Fire Consequence Modelling – A comparison of the results from PHAST and KFX
Sharad Gupta, Woody Wong
IRESC
Abstract
Fire consequence modelling is routinely performed as part of safety studies for onshore and offshore installations in the oil and gas industry. While PHAST software is commonly used for this purpose, the use of KFX software has increased considerably in recent times to provide better accuracy in the results. KFX uses Computational Fluid Dynamics (CFD) techniques for modelling the flow field, flame front and thermal radiation levels leading to a higher degree of accuracy in the results but is more expensive in terms of the time and hardware resource requirement. PHAST on the other hand employs empirical formulae and curve fitting techniques for fire modelling resulting in shorter timescales at the cost of accuracy.

The objective of this paper is to study the difference between PHAST and KFX in jet fire modelling, evaluate the potential impact on safety studies, and identify a correlation between the results obtained from both these software. Such correlations could then be used to scale the results obtained from PHAST for any facility.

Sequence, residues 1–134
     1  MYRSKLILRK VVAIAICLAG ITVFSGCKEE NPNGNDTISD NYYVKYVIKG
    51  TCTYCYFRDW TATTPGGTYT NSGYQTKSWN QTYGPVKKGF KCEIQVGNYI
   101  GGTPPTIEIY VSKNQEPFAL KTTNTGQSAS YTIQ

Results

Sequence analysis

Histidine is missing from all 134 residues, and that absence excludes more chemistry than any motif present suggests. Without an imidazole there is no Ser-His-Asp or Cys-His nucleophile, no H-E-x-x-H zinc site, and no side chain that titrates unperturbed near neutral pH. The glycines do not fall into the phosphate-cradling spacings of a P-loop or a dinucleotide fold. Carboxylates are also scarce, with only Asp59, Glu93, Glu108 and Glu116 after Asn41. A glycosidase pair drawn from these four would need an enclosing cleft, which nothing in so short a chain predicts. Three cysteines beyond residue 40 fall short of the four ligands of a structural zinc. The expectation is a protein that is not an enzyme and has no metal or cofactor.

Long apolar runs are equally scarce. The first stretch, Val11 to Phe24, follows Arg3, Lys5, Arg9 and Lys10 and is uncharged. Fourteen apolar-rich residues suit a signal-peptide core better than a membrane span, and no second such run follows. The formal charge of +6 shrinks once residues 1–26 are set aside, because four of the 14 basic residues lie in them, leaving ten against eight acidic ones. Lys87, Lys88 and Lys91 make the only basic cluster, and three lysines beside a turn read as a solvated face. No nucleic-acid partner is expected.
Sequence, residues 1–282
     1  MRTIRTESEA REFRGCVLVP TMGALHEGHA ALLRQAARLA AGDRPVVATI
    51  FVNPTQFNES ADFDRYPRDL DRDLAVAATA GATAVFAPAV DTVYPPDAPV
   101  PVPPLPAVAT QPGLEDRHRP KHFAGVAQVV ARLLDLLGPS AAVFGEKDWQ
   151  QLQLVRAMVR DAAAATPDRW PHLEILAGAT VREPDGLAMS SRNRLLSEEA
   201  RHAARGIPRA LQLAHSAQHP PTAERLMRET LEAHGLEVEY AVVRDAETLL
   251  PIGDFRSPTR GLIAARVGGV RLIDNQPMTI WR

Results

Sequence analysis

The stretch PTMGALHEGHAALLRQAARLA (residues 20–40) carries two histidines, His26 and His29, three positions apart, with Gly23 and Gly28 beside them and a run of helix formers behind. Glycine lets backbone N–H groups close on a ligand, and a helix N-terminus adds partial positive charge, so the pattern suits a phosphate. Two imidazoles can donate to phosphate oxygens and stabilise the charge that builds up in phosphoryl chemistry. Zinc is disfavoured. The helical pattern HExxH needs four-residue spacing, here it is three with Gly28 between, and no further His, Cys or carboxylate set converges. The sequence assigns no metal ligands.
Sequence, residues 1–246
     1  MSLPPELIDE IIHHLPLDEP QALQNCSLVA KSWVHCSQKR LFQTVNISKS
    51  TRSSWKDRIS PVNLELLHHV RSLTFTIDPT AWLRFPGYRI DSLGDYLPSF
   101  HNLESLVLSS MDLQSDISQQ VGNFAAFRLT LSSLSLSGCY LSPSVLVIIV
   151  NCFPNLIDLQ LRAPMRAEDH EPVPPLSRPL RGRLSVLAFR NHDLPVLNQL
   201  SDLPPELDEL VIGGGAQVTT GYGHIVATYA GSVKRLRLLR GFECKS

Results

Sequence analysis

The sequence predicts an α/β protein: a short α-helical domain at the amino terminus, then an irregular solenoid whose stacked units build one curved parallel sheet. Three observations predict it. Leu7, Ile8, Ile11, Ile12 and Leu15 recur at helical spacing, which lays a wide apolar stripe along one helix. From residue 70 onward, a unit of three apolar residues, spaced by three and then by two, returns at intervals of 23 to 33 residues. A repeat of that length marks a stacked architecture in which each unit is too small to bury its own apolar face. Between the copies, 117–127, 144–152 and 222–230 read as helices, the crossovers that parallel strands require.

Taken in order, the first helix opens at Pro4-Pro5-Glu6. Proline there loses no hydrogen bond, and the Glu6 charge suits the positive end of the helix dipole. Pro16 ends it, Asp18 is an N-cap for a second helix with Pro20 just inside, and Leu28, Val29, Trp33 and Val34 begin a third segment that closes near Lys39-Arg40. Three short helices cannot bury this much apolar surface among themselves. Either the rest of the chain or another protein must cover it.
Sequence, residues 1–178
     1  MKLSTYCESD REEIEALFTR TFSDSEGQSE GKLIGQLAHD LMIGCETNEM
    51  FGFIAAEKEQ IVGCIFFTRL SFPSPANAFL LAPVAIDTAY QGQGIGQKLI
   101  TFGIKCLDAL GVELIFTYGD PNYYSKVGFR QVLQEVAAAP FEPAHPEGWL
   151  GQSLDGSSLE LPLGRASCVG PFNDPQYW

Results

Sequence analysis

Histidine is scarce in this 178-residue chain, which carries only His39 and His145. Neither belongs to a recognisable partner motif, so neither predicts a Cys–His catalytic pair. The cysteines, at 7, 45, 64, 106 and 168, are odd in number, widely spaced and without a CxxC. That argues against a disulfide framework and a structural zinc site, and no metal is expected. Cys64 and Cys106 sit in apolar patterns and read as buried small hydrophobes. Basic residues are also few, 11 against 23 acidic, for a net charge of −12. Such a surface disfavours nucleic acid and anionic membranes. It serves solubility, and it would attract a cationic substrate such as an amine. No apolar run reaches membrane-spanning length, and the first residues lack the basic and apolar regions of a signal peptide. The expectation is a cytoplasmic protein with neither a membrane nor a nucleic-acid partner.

In the current work, horizontal releases of methane were modelled for four different hole sizes (10 mm, 25 mm, 50 mm and 75 mm) and four different pressures (10 barg, 30 barg, 60 barg and 90 barg). The jet fire consequence results obtained by PHAST and KFX were extracted for three different thermal radiation levels corresponding to the damage criteria suggested by CCPS and UK HSE namely, 37.5 kW/m2, 12.5 kW/m2 and 5 kW/m2. These thermal radiation contours obtained from both the software were compared in terms of the maximum downwind distance and crosswind distance. Some suggestions are made on how the PHAST results may be interpreted and used in the industry.